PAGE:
Bobby Long’s latest record was completely fan-funded in under four weeks, a testament to his devout following separate of his vampire swan song.
In a musical climate without major label omnipotence or an FYE top 20 kiosk to shove down the throats of non-discerning music listeners, consumers have access to every niche imaginable, making their listening choices all the more personal and intentional. Which is why crowdfunding campaigns are so encouraging. Through donations fans transfer creative sustainability to the artists they want to hear.
Best known for his writing credit in the first Twilight installment, British folk singer, Bobby Long’s latest record Ode To Thinking was completely fan-funded in under four weeks, a testament to his devout following separate of his vampire swan song. This intimate exchange between artist and follower probably creates an expectancy and pressure to deliver, which is why it comes as no surprise that Long called this record his most personal yet. Mostly unplugged, Ode To Thinking is aptly named, an 11 track dialogue that feels like his mental musings put to melody.
While most artists seem to plug in more as their career’s progress, experimenting with synth and sound, Long strips down to his stage elements, creating a record that mirrors his live acoustic performance. Highlight track, “Cold Hearted Lover of Mine” isn’t cryptic musically or lyrically, but its sweet in its sadness as he sings, “Was I just here to pass the time? Cold Hearted Lover of Mine.” Another highlight, cued in by heavy harmonica “That Little Place” is reminiscent of Long’s storyteller style of work in past records like A Winter Tale, the kind that pulls his grained vocals forefront following his emotive highs and lows by the ebb and flow of his aggression.
“I’m Not Going Out Tonight” picks up the pace of the record, a catchy hook tune with a more assertive vocal tone, and the title track “Ode To Thinking” is a political commentary with a pretty, hymnal quality to its harmonies, but it’s hard not to feel like things are becoming a bit anticlimactic passing from song to song. While the entire record is sincerely written and elegant in its acoustic simplicity, it’s fitting for the diehards, designed for the fans who just want to hear what’s in Long’s head. Sometimes cryptic works and sometimes, without musical variation, it starts to feel a little lifeless.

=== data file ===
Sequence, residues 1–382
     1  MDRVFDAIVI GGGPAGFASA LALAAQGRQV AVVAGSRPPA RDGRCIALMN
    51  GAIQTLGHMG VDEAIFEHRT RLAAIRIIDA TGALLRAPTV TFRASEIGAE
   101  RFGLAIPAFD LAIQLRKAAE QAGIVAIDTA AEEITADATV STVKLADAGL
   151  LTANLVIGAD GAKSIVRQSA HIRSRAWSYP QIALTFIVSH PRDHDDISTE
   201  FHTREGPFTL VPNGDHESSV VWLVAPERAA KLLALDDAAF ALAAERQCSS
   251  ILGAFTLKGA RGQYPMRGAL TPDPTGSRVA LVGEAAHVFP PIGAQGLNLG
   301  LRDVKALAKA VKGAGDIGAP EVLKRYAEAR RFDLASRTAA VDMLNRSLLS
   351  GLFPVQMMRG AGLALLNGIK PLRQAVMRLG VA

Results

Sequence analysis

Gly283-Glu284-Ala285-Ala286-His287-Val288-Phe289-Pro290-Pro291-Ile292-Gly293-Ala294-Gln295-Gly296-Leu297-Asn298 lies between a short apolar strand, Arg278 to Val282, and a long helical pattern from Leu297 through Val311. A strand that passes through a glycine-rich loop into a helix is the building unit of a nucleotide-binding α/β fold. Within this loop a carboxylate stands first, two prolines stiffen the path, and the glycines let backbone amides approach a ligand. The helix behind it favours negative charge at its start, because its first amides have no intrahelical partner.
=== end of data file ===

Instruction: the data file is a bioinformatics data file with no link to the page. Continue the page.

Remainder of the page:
There’s no question that Long is a poet or that his unplugged sound isn’t where he shines, because it’s certainly where he does. Harmonica heavy as well, one of his most popular tracks off A Winter Tale “Dead and Done” exemplified his ability to set an acoustic song on fire, rhyming without cheese and growling in all the right places, but there’s something monotonous about Ode To Thinking that misses the mark the way he’s hit it previously.
Despite its shortcomings in excitement, this record deserves to be heard and should be recognized for its sincerity and successful folk simplicity. Bobby Long is the kind of artist people root for, he’s candid, gracious and unobtrusive; which is why it comes as no surprise that he’s garnered a following so devout they swiftly helped to finance an entire record for him. Ode To Thinking isn’t groundbreaking, but it’s an important reminder of good art his fans can be proud to say they founded.